• HT Wai, M Hong, Z Wang and Z Yang, Provably Efficient Neural GTD for Off-Policy Learning

    • X Chen, T Chen, H Sun, ZS Wu, M Hong, Distributed Training with Heterogeneous Data: Bridging Median-and Mean-Based Algorithms, available at [arXiv]

  • Sept. 2020 Dr. Songtao Lu joined IBM TJ Watson Research Center as a Research Staff.

  • August. 2020, Best Paper Prize Our 2016 paper on ADMM receives a Best Paper Award (Silver) from ICCM.

  • August. 2020, Dr. Prashant Khanduri joins the group as a post-doctoral fellow, welcome! [Dr. Khanduri].

  • July. 2020, Intel-NSF Research Award: We are one of the 15 teams that receipts the NSF - Intel research award. We propose to understand how to use state-of-the-art optimization and learning tools for wireless communication and networking; this is a joint collaboration with Dr. Dongning Guo at Northwestern University, and Dr. Xiao Fu at Oregon State University; see [the Press Release from Intel], and [in-depth coverage at Forbes.com].

  • July. 2020 working paper: our work (with Hoi-To, Zhuoran, and Zhaoran) entitled A Two-Timescale Framework for Bilevel Optimization: Complexity Analysis and Application to Actor-Critic has been made available online at [arXiv]; This paper proposes and analyzes two-time scale algorithms for bi-level optimization, and build an interesting connection of the proposed algorithms to actor-critic algorithms in reinforcement learning. In particular, we provide various complexity estimates for two-timescale bi-level optimization. See the image below.

  • June. 2020 working paper: our work (with Junyu, Mengdi, and Shuzhong) entitled Generalization Bounds for Stochastic Saddle Point Problems has been made available online at [arXiv]; This paper studies the generalization bounds for the empirical saddle point (ESP) solution to stochastic saddle point (SSP) problems. For SSP with Lipschitz continuous and strongly convex-strongly concave objective functions, we establish an O(1/n) generalization bound; We also provide generalization bounds under a variety of assumptions, including the cases without strong convexity and without bounded domains. We illustrate our results in two examples: batch policy learning in Markov decision process, and mixed strategy Nash equilibrium estimation for stochastic games. In each of these examples, we show that a regularized ESP solution enjoys a near-optimal sample complexity.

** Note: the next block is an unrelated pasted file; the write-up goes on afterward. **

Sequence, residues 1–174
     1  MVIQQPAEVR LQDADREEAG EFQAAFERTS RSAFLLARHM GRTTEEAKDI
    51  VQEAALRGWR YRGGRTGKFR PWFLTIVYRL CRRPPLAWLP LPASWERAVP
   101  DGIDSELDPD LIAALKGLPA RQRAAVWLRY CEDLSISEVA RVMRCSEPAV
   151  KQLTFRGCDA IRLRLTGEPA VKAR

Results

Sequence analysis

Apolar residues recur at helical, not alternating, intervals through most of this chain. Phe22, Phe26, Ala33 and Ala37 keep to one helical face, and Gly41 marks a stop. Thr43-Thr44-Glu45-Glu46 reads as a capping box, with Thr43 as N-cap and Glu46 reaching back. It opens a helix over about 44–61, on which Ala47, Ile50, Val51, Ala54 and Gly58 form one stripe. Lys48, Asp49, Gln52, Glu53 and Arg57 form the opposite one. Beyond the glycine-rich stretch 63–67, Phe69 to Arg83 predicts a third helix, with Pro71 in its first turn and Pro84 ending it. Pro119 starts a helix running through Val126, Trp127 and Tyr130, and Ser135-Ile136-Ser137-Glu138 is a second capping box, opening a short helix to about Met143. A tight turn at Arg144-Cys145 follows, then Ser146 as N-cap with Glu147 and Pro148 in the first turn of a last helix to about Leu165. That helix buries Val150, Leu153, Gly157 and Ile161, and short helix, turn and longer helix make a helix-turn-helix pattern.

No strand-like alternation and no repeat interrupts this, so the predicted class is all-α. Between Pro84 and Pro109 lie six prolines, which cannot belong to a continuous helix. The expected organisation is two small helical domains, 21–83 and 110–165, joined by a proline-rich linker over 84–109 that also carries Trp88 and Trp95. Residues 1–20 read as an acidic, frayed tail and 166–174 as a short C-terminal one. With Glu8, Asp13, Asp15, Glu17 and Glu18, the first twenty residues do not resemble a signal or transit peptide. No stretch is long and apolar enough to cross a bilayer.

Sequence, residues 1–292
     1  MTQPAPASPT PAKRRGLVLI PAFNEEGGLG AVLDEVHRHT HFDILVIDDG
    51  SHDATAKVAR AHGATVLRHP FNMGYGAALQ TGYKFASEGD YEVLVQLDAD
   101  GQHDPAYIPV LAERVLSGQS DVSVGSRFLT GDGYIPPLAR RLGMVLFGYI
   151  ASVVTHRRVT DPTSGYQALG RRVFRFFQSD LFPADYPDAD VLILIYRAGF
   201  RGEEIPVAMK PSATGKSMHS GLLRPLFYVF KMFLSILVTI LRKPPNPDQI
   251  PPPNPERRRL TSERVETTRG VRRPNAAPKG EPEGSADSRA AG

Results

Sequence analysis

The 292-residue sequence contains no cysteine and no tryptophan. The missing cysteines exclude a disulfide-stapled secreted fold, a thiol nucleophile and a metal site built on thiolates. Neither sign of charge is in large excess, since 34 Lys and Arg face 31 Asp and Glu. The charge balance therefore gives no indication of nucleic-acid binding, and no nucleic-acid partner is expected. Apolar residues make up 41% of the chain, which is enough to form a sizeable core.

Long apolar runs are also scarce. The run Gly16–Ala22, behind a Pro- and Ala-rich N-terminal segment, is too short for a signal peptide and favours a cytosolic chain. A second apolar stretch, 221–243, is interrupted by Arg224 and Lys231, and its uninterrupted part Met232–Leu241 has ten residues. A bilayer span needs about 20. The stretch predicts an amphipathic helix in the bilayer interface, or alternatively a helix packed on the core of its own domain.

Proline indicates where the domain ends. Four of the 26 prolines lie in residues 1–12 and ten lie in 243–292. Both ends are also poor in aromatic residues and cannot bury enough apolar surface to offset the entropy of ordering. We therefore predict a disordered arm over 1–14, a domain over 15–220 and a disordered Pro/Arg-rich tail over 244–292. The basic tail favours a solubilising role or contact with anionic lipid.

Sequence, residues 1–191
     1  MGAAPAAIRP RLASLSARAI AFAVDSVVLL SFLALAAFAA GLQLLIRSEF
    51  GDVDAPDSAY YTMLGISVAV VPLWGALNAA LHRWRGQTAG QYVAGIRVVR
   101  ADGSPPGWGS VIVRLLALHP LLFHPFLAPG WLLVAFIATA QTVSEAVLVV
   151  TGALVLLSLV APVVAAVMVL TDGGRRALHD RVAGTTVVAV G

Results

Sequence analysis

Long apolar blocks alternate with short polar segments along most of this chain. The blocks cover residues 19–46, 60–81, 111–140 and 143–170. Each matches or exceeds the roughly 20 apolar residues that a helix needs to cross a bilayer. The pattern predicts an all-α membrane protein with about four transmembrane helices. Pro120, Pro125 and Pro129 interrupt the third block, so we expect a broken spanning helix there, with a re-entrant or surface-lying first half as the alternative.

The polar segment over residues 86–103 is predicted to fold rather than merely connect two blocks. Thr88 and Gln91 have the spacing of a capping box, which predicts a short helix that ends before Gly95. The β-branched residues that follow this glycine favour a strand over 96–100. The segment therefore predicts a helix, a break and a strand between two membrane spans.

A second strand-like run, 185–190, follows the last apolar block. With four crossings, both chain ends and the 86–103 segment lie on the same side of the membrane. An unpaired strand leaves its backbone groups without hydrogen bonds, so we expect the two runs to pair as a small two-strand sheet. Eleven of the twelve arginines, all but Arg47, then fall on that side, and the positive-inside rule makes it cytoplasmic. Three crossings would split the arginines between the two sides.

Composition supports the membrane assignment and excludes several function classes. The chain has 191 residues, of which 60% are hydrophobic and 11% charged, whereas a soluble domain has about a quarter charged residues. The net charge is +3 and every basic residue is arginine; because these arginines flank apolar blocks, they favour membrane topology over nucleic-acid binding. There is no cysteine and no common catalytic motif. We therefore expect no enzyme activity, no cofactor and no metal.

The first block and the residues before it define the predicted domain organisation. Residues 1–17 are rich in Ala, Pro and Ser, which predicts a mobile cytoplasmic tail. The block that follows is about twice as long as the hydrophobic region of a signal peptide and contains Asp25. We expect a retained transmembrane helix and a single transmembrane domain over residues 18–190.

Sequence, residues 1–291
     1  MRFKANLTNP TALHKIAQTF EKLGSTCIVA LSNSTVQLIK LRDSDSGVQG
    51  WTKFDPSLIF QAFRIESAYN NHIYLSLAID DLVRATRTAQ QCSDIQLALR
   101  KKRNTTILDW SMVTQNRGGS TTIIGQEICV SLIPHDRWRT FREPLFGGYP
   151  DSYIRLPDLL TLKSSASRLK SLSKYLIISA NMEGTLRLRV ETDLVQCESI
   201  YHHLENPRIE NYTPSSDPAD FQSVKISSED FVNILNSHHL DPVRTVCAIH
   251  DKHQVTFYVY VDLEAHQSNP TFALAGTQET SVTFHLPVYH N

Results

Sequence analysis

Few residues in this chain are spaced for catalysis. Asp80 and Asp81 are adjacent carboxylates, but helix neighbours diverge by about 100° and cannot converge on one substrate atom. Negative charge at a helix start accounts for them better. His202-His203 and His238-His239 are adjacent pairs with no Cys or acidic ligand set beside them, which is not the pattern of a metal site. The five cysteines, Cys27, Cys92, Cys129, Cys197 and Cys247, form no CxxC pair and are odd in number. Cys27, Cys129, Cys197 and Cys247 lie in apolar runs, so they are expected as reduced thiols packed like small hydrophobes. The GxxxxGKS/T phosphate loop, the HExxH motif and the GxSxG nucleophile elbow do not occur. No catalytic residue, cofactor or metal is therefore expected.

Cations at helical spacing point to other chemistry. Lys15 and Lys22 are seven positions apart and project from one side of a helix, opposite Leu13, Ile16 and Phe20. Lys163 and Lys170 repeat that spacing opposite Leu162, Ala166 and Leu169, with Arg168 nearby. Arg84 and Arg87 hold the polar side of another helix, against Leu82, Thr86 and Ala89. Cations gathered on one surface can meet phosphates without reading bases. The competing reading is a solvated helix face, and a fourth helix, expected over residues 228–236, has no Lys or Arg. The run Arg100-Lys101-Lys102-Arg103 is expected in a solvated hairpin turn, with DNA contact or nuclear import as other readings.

• June. 2020 working paper: our work (with Siliang, Haoran, and Junyu) entitled On the Divergence of Decentralized Non-Convex Optimization has been made available online at [arXiv]; We study a generic class of decentralized algorithms in which N agents jointly optimize sum local objectives. By constructing some counter-examples, we show that when certain local Lipschitz conditions (LLC) on the local function gradients are not satisfied, most of the existing decentralized algorithms diverge, even if the global Lipschitz condition (GLC) is satisfied, where the sum function f has Lipschitz gradient. We then design a first-order algorithm, which is capable of computing stationary solutions with neither the LLC nor the GLC. In particular, we show that the proposed algorithm converges sublinearly to certain epsilon-stationary solution, where the precise rate depends on various algorithmic and problem parameters. In particular, if the local functions are Qth order polynomials, then the rate becomes O(1/ϵ^(Q−1)). Such a rate is tight for the special case of Q=2 where each local function satisfies LLC.